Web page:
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Finalists for the Toronto Book Awards have been revealed and competition is stiff. Local author Margaret Atwood lends her famous name to the announcement as her 55th book joins four other works reflective of the spirit of Toronto. The 41st award will be presented at the Toronto Reference Library by Gill Deacon from CBC Radio on October 15th. Finalists will receive $1000 and the chosen author (or authors) $15,000 - in the past, the award has been split between multiple winners. […] Continue reading →

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June is Aboriginal History Month in Canada, and the theme this year is Giganawendamin Dibaajimowinan which means “We keep the stories”. In celebration, the Toronto Public Library has curated a full program of events at branches throughout the city to honour First Nation’s Heritage through indigenous stories, films, and music. Reaching its pinnacle this weekend on National Aboriginal Day, a three-part event at the library features a mix of culture, development, and discussion […] Continue reading →

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Not enough time to read? Since 2002, the Canada Reads competition has methodically chosen one book that all Canadians should make the time to bury oneself in. This morning, Candy Palmater announced the finalists for the 2015 competition on CBC Radio Q, giving listeners a head start on reading the selections. Read more of this article by Kristin Lee Bryson on examiner.com. […] Continue reading →

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Bookstores are dying all over the world. In some stores, what were once dusty shelves have been replaced by newly manufactured home decor items. Throw pillows and scented candles make up for lacking physical book sales as more and more readers turn to online shopping and e-readers for new book releases and old classics. This week in Toronto, the landmark World’s Biggest Bookstore was demolished by new owner Lifetime Developments to make room for a row of new restaurants.  Read more […] Continue reading →

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Photo credit: Rene SkrodzkiPhysical challenges affect the lives of many Canadians, and can create extraordinary circumstances under which the inspirational can be achieved. For example, Canadian icon Terry Fox began a run across the country after losing his right leg to bone cancer in 1980. Fellow Canadian Rick Hansen completed his Man in Motion wheelchair tour of the world in 1985 after losing his legs at the age of 15. These actions speak louder than the physical disabilities of their […] Continue reading →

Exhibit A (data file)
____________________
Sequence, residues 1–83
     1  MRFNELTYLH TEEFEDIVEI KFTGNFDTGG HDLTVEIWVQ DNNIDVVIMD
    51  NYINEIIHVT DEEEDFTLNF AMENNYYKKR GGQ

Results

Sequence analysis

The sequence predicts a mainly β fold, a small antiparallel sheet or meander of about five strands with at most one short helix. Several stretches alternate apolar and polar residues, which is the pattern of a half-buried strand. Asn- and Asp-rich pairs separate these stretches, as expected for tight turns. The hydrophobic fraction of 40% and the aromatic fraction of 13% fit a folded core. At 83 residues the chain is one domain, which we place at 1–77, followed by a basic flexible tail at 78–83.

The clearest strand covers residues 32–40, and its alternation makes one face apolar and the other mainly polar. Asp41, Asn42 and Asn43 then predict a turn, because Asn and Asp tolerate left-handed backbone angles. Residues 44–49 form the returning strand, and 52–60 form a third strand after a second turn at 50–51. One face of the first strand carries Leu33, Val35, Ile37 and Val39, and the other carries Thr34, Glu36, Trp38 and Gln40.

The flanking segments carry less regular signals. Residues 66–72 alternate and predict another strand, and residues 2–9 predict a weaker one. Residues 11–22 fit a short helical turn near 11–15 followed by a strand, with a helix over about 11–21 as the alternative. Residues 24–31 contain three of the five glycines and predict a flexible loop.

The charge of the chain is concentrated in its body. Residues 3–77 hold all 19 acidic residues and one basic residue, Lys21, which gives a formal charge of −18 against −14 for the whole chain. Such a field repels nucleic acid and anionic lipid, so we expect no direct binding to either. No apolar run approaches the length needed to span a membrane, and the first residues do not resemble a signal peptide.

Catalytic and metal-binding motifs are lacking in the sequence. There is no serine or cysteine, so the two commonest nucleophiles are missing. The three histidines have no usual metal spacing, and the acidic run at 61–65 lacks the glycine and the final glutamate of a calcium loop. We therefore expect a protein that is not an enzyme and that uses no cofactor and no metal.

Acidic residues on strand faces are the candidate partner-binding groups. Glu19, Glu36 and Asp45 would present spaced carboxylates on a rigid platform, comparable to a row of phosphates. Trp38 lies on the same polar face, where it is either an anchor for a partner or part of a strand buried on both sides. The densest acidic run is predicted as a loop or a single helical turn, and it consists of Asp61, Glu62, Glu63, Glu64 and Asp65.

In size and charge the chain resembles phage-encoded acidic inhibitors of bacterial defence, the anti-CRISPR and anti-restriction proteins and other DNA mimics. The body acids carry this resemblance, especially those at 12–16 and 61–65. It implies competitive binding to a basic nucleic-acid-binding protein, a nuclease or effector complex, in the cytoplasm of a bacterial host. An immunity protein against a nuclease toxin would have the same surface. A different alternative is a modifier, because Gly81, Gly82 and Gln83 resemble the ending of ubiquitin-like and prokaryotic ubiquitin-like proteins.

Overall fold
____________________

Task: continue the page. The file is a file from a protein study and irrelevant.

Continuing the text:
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Archie Andrews and his friends from Riverdale have before been known to speak out against injustice and support mortal values and principles through carefully constructed story lines and relationships. Now, the All-American teen icon is taking a step into the unknown when he meets his demise and cements his status as a hero. Today, in a special commemorative issue, Archie Comics will kill off its title character when he saves the life of the comic’s first openly gay character, in an act […] Continue reading →

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Many years after her passing, the ideals of Ayn Rand constantly resurface in current politics and popular culture. Issues she wrote about continue to influence and affect society, and more readers than ever before are discovering Rand’s work and philosophy. Yesterday, the Ayn Rand Institute announced they will be publishing a lost novel called “Ideal” in July 2015 with Penguin Random House, with a release in a volume with the Ayn Rand play of the same name. Continually […] Continue reading →

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In her MaddAddam trilogy, Toronto author Margaret Atwood details a dystopian, futuristic world where formerly distinct and separate species have been combined to create genetically engineered hybrids – wolvogs, pigoons, and rakunks are all new combinations of currently existing animals that populate her apocalyptic society. This summer, Atwood has facilitated another unique merger by partnering with Beau’s All Natural Brewing to devise a MaddAddam inspired beer, debuting at the […] Continue reading →

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Each year, patrons file complaints after being offended offended by material they encounter on shelves at libraries around the world. This year in Toronto, a concerned patron requested to have the Dr. Seuss classic “Hop On Pop” removed from the Toronto Public Library by the library’s materials review committee under the belief that it promotes violence from children towards their parents. The final ruling, handed down yesterday, retains the book in the collection rather than […] Continue reading →

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Stephen Harper has been making headlines across the country and internationally since he took the helm of the Conservative party 8 years ago. He has been the subject of many forms of analysis and debate, with media and the literary world documenting and cataloging his career. Today, Maclean’s journalist Paul Wells won the Dafoe Book Prize for his analysis of Stephen Harper and Canadian conservatism in his book, “The Longer I’m Prime Minster: Stephen Harper and Canada […] Continue reading →

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© Kristin Lee Conrad